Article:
*Classic spoilers follow*
For those studying it in school, An Inspector Calls should (like it did for me) fill a young reader with fascination and a ravenous desire for more theatre.
This production of the show has exceeded 20 years of touring and is a mighty theatrical achievement in anyone’s books. The play’s placement on the school curriculum could be held accountable for the success of this show, but it is a devilishly good night at the theatre either way.
Within lies the infamous story of the Birling family. One evening, after dinner, Inspector Goole pops round to see them. He informs them all that a young girl has killed herself and that the family knew her. Each member of the family is grilled and they each realise they were, in part, responsible for her death. After this mighty blow, they shortly realise that Goole was a fake and that no girl had killed herself that same night. Only for the telephone to ring again, informing them that a girl has just killed herself and that an inspector is on the way…
“One of the great theatrical moments of contemporary theatre”
The production wrestles between both World Wars, as the characters float between both time periods; the set being also iconic, remaining totally impressive. The opening to the show is one of the great theatrical moments of contemporary theatre: Blitz children linger on stage (sirens are briefly heard), one child turning on the wireless and then attempting to lift up the theatre taps (curtains).
As rain pours onstage, the children dart around and the Dream Sequence from Bernard Hermann’s scorefor Vertigo blasts out. The moment is staggering and leaves many a goosebump. The opening of the Birling house is also another special moment, as it unfurls to reveal a grand but miniature dining room. The house collapsing towards the end of the drama results in sparks, bangs and much broken crockery, or, as John Cage once said, “I was fascinated, since everything was going wrong.”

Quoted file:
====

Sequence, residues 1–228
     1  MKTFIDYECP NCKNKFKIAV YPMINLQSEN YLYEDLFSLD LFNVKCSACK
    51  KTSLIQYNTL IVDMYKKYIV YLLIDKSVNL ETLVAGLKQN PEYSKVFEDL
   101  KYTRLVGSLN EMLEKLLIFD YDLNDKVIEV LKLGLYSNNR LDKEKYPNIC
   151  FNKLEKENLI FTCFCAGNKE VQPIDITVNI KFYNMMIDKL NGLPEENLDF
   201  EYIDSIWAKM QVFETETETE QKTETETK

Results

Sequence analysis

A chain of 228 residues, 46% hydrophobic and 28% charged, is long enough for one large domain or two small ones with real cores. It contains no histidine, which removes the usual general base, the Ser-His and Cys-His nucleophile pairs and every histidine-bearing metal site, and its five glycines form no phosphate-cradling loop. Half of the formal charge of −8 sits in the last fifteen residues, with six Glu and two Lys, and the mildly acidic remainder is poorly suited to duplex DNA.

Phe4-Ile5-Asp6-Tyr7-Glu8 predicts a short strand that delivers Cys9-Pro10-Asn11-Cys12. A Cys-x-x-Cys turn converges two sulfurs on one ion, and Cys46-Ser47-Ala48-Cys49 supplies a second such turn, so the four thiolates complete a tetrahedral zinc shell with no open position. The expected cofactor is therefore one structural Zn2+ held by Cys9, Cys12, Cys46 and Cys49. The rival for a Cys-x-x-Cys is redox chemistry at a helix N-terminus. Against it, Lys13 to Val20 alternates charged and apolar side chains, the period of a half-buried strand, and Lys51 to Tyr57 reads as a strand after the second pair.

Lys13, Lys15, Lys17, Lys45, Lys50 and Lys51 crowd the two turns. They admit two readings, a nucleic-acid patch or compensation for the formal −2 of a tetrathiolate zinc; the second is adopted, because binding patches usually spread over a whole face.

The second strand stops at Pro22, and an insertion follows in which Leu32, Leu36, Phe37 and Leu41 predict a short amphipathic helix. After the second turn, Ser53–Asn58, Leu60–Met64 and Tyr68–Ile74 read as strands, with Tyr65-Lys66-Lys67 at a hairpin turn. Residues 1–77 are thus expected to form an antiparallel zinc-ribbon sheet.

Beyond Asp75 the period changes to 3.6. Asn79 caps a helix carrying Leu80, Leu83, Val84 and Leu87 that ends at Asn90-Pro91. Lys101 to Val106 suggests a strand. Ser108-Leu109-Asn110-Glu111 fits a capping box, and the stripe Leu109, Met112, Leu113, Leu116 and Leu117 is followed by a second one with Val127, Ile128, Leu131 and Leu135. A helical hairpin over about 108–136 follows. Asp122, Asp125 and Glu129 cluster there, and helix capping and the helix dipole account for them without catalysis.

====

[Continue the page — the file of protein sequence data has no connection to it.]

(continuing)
Themes of the work are heavy, though never laboured. One thinks of responsibility, the power of your actions and empathy, which we can often lack at crucial moments in other people’s lives. Eva (who possibly used aliases) appeared to be a victim of circumstance, but if there is any truth to the events that happened, then the Birlings really did do her in, one by one. It’s an incredibly crushing tragedy.
“Ten steps ahead of everyone else”
Liam Brennan is our Goole (one wonders on the “ghoul” aspect of the name?), an acute, Scot Inspector, who is ten steps ahead of everyone else and with great bravado. He reveals the interplay of each character by getting it out of them. Caroline Wildi is Sybil Birling, beyond posh and indeed a stern, cold character to take on. Her husband, Arthur is preformed by Geoff Leesley, doing a perfect Northern accent and making him out to be the no-nonsense father figure businessman he truly is.
As Gerald Croft, Matthew Douglas is the loveable and calculating toff, soon to marry Sheila, here played by Katherine Jack. She is said to be the most sound character, giving many insights into the events taking place. Jack achieves this and she appears to be the only one to be little affected out of all of them (her apparent encounter with Eva was brief and petty). Hamish Riddle is Eric, the youngest, who is very feisty and is easily becoming a boozer. The character is alive with youthful error, which has real consequences, and it’s his personality that quickly becomes quite sour.
On this night, the theatre was stuffed with eager school kids and their rustling of sweet wrappers. It was a very excitable audience, which murmured and went along with all the things that were flung at us. It nice to see that.
Perhaps younger people should go to the theatre more often (as long as they are quiet).
Gritty, gripping and cataclysmic.
Rating: 5 stars
An Inspector Calls continues at the New Theatre till 16th April 2016.